9:7 For a discussion of Pharaoh’s heart being hardened, see note on 4:21.
9:9 How could furnace ash create boils? It is not necessary to assume that the outbreak of boils was caused directly by contact with the ash; the Lord could have inflicted the boils independently of the dust when Moses acted in obedience to His command. As with many of the other miracles, God may have acted through nature, perhaps through a bacterium or virus, or beyond the realm of the natural, to accomplish His purposes.
9:25 For a discussion of how the Egyptians could have flocks even after a plague killed their livestock, see note on 9:6.
10:1 For a discussion of the Lord’s hardening Pharaoh’s heart, see note on 4:21.
10:19 For a discussion of what is meant by “Red Sea,” see note on 14:16.
11:3 Self-praise is condemned in Scripture (Pr 27:2), yet Moses, traditionally viewed as the author of the Pentateuch or first five books of the Bible, appears to praise himself here. Such complimentary statements about Moses appear also in Nm 12:3 and Dt 34:10–12. The Pentateuch, however, has been subjected to a process of transmission, even in an oral stage, and it is by no means certain that Moses himself inserted these words. It is possible that they come from the same editor who provided the account of Moses’ death (Dt 34:5–12). The inspired scriptures came into being when “moved by the Holy Spirit, men spoke from God” (2 Pt 1:21), but all their names may not be known to us. Still, even if Moses wrote these self-complimentary words, they are not so much an attempt to glorify himself as they are a declaration of the degree of respect the Israelites and their leader had gained among the Egyptians.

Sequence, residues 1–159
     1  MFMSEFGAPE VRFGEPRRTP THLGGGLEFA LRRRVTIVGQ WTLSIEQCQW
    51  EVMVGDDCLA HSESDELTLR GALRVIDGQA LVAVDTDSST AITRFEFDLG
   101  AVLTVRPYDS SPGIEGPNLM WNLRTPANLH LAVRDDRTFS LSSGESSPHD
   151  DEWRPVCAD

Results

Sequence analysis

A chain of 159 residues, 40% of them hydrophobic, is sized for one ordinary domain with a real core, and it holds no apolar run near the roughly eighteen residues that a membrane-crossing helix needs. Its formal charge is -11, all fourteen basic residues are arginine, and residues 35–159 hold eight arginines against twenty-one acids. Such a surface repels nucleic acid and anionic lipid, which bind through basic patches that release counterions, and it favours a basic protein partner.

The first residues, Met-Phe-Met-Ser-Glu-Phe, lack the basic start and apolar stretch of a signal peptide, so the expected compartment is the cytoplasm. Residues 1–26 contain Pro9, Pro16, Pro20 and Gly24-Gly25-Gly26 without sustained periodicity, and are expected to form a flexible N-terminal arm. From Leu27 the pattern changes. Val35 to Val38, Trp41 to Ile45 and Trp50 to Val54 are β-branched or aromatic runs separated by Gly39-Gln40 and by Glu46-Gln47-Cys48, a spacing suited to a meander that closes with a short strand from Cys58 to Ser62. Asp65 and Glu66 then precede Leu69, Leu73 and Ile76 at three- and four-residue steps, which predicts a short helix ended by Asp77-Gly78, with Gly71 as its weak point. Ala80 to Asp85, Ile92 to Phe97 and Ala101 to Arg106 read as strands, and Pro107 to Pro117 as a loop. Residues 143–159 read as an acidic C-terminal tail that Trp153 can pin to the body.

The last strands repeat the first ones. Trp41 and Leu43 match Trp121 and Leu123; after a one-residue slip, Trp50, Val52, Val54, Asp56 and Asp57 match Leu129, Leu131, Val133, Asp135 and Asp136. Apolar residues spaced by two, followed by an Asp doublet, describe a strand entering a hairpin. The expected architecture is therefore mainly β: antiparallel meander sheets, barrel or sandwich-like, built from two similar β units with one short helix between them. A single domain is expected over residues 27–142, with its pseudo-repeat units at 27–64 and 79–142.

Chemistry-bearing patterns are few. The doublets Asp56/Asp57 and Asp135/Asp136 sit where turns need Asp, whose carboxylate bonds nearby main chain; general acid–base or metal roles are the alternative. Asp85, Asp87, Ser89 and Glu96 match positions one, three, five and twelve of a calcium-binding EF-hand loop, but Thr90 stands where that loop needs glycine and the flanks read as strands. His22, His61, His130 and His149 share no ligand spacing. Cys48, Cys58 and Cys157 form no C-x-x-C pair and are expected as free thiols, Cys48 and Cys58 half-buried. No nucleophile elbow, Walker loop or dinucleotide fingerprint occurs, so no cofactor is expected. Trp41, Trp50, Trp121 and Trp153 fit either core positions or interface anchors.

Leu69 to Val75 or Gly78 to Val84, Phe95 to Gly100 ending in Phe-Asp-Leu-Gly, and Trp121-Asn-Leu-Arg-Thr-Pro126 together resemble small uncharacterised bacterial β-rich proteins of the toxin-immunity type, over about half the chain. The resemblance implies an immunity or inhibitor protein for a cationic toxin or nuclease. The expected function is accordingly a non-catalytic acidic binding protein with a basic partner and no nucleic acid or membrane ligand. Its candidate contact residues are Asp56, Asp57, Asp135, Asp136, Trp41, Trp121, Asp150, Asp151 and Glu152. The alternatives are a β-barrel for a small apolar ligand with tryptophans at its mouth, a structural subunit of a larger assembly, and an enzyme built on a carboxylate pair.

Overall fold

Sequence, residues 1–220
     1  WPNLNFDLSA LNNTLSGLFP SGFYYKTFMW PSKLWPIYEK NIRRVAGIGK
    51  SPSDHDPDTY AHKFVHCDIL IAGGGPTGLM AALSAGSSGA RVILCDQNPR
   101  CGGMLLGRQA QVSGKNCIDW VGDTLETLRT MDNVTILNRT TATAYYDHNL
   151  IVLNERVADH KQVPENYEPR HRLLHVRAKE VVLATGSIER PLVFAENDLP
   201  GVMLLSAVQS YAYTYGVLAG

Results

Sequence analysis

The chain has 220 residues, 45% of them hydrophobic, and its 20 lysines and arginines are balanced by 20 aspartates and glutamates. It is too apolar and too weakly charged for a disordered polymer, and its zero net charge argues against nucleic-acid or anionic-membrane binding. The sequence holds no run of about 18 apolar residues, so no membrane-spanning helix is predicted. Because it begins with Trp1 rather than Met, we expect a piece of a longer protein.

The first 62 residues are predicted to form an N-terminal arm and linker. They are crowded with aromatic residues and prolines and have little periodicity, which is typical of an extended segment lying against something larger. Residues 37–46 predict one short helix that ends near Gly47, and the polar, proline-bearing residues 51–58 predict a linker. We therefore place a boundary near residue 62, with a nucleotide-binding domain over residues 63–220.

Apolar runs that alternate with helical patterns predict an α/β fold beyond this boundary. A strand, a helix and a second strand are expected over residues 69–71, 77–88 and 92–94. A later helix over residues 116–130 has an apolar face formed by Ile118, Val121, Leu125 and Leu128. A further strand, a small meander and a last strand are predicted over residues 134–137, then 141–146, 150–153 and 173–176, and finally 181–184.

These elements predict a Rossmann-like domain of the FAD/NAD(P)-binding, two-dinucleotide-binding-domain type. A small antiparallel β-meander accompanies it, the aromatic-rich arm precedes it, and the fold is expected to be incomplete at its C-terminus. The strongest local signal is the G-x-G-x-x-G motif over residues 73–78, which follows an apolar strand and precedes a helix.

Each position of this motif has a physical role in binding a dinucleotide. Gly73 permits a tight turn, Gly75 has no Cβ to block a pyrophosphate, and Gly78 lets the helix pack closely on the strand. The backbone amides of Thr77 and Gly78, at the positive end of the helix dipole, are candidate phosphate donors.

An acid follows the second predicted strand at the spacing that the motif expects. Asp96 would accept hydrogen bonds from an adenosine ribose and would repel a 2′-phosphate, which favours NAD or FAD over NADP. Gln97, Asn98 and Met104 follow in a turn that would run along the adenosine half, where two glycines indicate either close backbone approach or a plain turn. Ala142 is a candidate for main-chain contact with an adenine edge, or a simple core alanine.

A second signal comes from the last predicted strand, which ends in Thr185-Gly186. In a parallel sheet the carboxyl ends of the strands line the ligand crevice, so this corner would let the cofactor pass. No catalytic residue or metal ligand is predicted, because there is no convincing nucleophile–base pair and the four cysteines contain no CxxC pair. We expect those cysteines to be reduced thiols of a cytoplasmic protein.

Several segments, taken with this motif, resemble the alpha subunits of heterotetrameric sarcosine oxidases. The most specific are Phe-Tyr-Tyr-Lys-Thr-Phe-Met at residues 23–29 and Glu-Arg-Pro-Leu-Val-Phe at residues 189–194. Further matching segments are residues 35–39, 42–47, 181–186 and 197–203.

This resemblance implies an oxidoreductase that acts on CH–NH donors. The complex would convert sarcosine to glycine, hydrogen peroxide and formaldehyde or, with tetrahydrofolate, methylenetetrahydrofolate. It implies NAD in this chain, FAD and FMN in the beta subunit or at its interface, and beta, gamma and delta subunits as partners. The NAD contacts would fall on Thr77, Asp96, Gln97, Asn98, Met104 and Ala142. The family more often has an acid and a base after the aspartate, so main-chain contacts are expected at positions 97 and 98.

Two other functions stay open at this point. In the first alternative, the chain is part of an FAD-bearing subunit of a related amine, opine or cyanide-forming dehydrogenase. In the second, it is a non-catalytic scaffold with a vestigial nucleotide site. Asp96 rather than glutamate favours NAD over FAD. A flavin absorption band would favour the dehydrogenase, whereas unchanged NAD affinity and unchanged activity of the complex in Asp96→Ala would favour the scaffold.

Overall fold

11:10 For a discussion of the Lord’s hardening Pharaoh’s heart, see note on 4:21.
12:3–7 Was the Passover animal supposed to be slain at the sanctuary, or at home? According to Dt 16:1–7, the only permissible place to sacrifice the lamb or goat was at the place where the Lord would choose to put His name—that is, at Jerusalem; it was forbidden to slay the animal at a person’s home. But of course this requirement was not applicable to the Israelites while they were still slaves in Egypt. The instructions provided in Ex 12:7 applied specifically to the first Passover, and perhaps also the Passovers that were celebrated prior to the construction of the temple in the days of Solomon.
12:5 This passage appears to contradict Dt 16:2 regarding which animals may be used for the Passover sacrifice. The instruction of Dt 16:2 allows animals of the herd—that is, cattle or oxen—as well as lambs or goats from the flock. But a careful reading suggests that these two passages are addressing different issues. Exodus 12:5 deals with the animal that is to be eaten as part of the Passover meal, on the first night of an eight-day celebration that included both the Passover and the Feast of Unleavened Bread. On the other hand, Dt 16:2–8 mentions the kinds of sacrificial animals that were to be used for different purposes throughout the festival period. The guidelines of Dt 16:2 are spelled out in greater detail in Nm 28:16–31, which specifies that bulls, sheep, and goats were to be sacrificed on each of the days of this lengthy celebration.